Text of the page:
I am putting together curriculum designed by topic for my kids. My post about the principles of how to present these lessons is here. The principles are:
- Always present opposites, and a continuum if possible
- Get the child involved in a hands-on way
- Give a full and wordless demonstration to start
- Let the child sleep overnight after a lesson before doing any assessment or asking for application of the knowledge
This curriculum is on fluids. Each lesson below is intended to be presented one per day.
Come see me do these real time at The Observant Mom on facebook.
Solid versus Fluids
The first lesson I did was to reinforce a solid versus a fluid. Liquids or gases can be fluids. I asked my son to cut butter. Then I asked him to cut water in a bowl and then the air. The stuff he could not cut were fluids.
Viscosity vs Fluidity
I did a “race” between water and olive oil with my almost 5 year old son. This was a big hit! I of course let him be water. We also did honey versus water. It was similar to this:
For opposites, water is fluid and honey is viscous. “Fluidity” is not commonly used however.
We also dropped objects into the liquids to see which traveled slow or fast. A marble in honey was a lot of fun:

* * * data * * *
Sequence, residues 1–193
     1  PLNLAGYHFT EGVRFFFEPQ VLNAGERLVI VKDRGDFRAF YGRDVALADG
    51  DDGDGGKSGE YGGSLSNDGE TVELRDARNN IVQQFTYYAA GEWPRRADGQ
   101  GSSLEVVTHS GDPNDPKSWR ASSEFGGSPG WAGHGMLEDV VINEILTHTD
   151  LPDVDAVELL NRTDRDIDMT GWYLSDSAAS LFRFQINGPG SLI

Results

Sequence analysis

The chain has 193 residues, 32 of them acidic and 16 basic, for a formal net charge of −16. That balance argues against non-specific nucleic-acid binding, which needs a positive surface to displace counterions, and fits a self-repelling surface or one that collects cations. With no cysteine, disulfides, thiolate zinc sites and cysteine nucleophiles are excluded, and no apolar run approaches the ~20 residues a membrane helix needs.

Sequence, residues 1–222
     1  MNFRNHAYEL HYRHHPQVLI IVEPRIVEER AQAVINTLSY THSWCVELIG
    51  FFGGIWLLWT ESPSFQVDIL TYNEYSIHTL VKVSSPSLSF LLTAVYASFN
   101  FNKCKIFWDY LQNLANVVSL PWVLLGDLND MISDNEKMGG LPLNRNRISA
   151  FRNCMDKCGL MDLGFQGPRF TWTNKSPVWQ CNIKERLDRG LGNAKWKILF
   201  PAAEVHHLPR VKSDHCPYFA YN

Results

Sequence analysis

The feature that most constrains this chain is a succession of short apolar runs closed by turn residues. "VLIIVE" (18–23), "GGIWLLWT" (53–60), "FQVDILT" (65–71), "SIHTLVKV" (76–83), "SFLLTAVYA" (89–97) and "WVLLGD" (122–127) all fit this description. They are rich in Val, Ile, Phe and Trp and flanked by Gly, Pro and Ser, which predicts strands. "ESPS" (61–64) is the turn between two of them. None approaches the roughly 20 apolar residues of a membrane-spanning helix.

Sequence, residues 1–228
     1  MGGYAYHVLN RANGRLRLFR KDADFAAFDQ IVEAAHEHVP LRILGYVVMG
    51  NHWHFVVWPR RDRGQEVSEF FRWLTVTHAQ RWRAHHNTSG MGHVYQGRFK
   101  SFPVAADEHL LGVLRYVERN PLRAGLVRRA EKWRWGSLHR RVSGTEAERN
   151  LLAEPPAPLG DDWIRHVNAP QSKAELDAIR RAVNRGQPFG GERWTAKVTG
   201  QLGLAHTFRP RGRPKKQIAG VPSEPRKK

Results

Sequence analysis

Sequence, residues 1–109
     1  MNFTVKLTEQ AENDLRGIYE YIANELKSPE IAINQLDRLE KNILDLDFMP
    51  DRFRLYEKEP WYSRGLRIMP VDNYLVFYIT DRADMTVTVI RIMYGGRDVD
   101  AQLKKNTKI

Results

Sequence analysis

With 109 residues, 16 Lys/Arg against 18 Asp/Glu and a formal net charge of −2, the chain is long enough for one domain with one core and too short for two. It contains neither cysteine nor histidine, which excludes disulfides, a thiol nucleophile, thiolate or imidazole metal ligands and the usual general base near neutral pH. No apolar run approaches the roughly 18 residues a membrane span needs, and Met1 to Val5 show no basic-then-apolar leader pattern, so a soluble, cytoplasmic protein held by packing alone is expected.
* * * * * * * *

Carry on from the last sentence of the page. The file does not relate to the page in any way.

Immiscible vs Mixable
You can’t have several liquids around a child and not expect them to dump one in the other. BUT, it’s super fun. 🙂 We dumped honey, olive oil, water, and, for fun, rice, into a cup to see what happens. (After a while the rice suspends in the honey.)
To present an opposite, I also mixed vinegar with water.
It’s fun sometimes to see the shapes made:
Air around us invisible. I told my son we can’t see it, but we can trap it. Holy moly was this fun. I filled one balloon up with helium, another with my own breath, and another with the resultant product of mixing baking soda with vinegar (carbon dioxide). I taped them to the wall and then let them go. The helium balloon rises. The carbon dioxide balloon sinks to the floor quickly.
Also to better “see” air, or to at least understand its effects, I did an experiment where we put one piece of bread in a bag overnight and another left out, exposed. We felt them in the morning. This was great also to learn why we put certain foods in bags after we are done.
Applying Our New Knowledge
After teaching the definitions and presenting the lessons, I like to do a hand-on activity to explore the ideas. The best one I did for his is one my son begged to do: He wanted to help me prepare food when I was making a vinaigrette one night. He took notice of if the oil mixed with the vinegar. He dumped salt in and noticed it dissolved.
All of this work on gases lends itself pretty easily to the next curriculum we did: On Pressure. Stay tuned ….
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